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Anitas first book, “Satyr of the Subway” was an anthology of her short stories. She wrote her first book while she was working as the creative director of an advertising agency in Bangalore. In 2000 she came out with her first major fiction ‘The Better Man’. Her second fiction, ‘Ladies Coupe’ brought out in 2001,was published in 29 countries and in 30 languages. In 2002 she also published an anthology of poems ‘Malabar Mind’. In 2004 she published her first book for children - ‘Puffin Book of Myths and Legends’, a collection of myths and legends from various countries and cultures. Her acclaimed work ‘Mistress’ which dwells on Kerala and its traditional art form "Kathakali" was published in 2005. She also published her 2nd book on children in 2005 and called it ,‘Adventures of Nonu, the Skating Squirrel’. And in January 2007, she published the book ‘Living Next Door to Alice’ .. Her latest children’s book is the Book of "Magical Indian Myths". Anita Nair was awarded the FLO FICCI Women Achievers Award in 2008 for Literature ,while “ Mistress “was on the Orange Prize long list in the UK.
In an interview to Sreeni K.R, Anita Nair shares her views about her writing experience.
You were born at Mundakottakurissi, near Shornur in Kerala State. How much of your hometown does have an influence on your writing? I wasn’t really born in Mundakottakurissi. In fact I was born at Shornur. However Mundakottakurissi is my ancestoral village and I have very strong roots there. I wouldn’t really call it nostalgia as much as trying to put into words that uniquely composite feeling that Mundakottakurissi evokes in me…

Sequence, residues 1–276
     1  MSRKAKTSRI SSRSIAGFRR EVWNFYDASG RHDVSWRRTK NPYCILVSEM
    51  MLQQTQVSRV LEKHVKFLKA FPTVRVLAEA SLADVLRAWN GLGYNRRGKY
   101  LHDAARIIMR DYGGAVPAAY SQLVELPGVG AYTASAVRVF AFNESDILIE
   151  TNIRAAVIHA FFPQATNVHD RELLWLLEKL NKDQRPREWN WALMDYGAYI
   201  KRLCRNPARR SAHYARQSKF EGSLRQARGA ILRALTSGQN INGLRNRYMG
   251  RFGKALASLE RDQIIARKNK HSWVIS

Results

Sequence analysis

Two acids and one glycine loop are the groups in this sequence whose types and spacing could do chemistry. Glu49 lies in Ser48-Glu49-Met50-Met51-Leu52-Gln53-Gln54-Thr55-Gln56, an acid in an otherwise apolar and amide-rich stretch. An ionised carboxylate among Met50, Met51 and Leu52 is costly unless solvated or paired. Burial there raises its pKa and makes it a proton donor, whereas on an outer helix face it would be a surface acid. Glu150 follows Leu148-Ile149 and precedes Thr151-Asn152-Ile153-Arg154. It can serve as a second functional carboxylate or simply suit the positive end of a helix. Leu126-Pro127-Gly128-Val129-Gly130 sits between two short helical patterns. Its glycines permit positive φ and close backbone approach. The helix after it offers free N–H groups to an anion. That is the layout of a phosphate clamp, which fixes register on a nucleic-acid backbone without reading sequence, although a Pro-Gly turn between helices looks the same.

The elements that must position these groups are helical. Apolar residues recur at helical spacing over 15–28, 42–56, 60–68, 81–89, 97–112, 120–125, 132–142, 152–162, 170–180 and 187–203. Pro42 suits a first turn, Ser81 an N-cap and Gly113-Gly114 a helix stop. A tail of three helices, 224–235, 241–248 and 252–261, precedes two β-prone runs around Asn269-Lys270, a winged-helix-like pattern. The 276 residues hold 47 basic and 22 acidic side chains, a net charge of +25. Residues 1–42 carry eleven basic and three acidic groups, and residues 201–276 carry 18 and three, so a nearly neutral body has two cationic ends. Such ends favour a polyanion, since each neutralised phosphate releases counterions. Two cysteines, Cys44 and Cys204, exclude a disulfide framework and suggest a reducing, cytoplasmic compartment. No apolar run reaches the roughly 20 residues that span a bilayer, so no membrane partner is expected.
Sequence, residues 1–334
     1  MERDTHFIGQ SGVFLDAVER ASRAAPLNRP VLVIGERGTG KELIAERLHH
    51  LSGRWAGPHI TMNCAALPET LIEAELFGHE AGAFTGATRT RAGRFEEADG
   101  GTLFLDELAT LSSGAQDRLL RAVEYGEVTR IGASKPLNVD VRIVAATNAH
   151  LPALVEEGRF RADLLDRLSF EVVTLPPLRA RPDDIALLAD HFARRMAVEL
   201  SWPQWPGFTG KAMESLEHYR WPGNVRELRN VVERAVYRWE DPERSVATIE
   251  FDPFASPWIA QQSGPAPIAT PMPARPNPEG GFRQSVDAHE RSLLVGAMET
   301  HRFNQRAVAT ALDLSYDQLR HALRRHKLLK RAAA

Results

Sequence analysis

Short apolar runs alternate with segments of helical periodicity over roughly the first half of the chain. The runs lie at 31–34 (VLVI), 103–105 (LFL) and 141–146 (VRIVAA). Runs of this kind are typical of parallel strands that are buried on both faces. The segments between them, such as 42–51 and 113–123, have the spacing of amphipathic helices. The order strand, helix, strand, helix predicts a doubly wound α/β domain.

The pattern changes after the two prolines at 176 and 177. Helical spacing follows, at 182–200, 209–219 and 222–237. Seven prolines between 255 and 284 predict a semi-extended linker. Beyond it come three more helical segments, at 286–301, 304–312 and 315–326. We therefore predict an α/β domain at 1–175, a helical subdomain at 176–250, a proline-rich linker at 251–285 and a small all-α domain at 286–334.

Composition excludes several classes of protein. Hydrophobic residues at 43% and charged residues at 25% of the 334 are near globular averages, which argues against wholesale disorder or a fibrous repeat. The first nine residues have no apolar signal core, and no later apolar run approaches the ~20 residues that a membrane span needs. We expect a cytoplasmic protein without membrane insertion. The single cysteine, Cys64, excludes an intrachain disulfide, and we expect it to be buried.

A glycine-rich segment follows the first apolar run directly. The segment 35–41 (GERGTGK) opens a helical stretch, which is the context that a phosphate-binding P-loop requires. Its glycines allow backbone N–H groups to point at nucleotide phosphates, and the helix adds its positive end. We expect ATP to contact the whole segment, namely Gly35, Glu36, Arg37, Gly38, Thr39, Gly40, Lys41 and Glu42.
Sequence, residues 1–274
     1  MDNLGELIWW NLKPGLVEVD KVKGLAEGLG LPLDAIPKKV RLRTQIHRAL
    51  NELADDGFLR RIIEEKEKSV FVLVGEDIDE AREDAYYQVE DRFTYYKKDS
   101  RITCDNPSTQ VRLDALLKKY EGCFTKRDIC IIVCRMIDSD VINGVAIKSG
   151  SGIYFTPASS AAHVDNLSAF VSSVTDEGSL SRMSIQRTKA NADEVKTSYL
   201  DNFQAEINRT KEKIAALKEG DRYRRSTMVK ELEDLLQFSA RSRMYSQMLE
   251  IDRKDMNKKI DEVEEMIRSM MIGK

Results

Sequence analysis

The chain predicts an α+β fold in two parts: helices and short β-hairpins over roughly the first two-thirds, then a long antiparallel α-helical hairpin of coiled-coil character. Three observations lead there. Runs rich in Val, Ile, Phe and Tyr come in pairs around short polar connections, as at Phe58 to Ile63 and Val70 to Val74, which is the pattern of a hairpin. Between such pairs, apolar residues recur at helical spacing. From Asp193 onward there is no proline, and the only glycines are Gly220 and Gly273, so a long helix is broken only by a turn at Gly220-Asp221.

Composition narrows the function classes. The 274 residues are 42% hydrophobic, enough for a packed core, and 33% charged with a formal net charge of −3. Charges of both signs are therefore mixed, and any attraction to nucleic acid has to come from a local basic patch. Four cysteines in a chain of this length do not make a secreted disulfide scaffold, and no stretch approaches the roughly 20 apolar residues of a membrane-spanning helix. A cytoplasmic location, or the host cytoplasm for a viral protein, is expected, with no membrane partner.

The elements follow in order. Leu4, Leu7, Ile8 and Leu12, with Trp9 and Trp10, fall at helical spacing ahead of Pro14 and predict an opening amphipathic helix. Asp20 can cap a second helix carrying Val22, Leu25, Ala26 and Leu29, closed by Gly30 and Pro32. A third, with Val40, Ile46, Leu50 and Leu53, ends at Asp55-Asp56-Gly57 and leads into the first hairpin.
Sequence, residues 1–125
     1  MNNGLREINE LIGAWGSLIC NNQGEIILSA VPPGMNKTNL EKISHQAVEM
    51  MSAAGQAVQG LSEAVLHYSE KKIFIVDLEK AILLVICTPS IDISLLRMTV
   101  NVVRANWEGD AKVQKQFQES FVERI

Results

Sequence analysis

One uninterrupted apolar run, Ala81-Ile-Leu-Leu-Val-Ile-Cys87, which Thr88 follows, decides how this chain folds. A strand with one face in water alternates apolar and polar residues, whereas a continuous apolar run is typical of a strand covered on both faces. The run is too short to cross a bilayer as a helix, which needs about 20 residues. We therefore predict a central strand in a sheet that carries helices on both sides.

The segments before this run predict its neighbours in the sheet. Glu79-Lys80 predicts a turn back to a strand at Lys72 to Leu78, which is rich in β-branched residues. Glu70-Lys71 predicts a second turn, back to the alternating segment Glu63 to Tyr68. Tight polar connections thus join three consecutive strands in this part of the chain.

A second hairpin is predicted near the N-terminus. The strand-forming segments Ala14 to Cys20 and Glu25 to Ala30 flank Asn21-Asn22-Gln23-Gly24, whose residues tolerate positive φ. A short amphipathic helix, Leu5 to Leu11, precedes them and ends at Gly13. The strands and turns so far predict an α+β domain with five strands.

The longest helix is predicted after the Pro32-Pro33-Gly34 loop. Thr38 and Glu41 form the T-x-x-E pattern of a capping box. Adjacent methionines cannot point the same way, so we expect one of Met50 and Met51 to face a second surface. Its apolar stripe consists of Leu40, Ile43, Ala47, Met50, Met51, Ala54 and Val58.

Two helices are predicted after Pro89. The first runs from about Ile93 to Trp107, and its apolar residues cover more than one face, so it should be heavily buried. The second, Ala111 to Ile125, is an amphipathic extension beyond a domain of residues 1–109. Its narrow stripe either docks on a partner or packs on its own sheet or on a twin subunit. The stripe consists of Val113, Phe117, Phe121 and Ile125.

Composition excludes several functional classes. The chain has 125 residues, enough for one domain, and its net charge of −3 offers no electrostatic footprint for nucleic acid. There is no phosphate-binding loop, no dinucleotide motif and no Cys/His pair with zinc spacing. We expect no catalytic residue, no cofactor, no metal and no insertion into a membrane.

Your first book called Satyr of the Subway, a collection of short stories, won you a fellowship from the Virginia Center for Creative Arts. How do you feel about the achievement? It was the first time I was being acknowledged as a writer of merit. Naturally it made me feel that everything that I had to undergo until then had been worthwhile. Your novel The Better Man gives you a better identity as a writer. How much of Kerala and its culture has influenced you? I wish I could tell you why Kerala inspires me as it does. All I do know is that it does; infact again and again….It is maddening to know that whatever it is, defies description, perhaps it is the sum total of the colours, the scents, the landscape, the people, their cussedness and humour, the petty politics and the larger than life ideals…just when you think you have understood some facet of Kerala, it contradicts itself. Perhaps that is what is so exciting for me as a writer…
“Ladies Coupe” talks about the real tale of many an Indian middle class woman. From where did you draw the inspiration for this novel? Eighteen years ago, I climbed on to the top berth of a ladies compartment in a train from Bangalore to Madras and discovered an unexpected world. Once the door was closed and the blue night lamp switched on, the middle-aged women began a conversation that riveted me to my sleeping berth. It was a no-holds-barred conversation on mothers-in-law, daughters-in-law, husbands and servants. It was a combination of the confined space and assurance of anonymity as they were strangers to each other that turned the coupe into a confessional box. Their candour, their subversiveness, their subtle strength and courage inspired “Ladies Coupe.”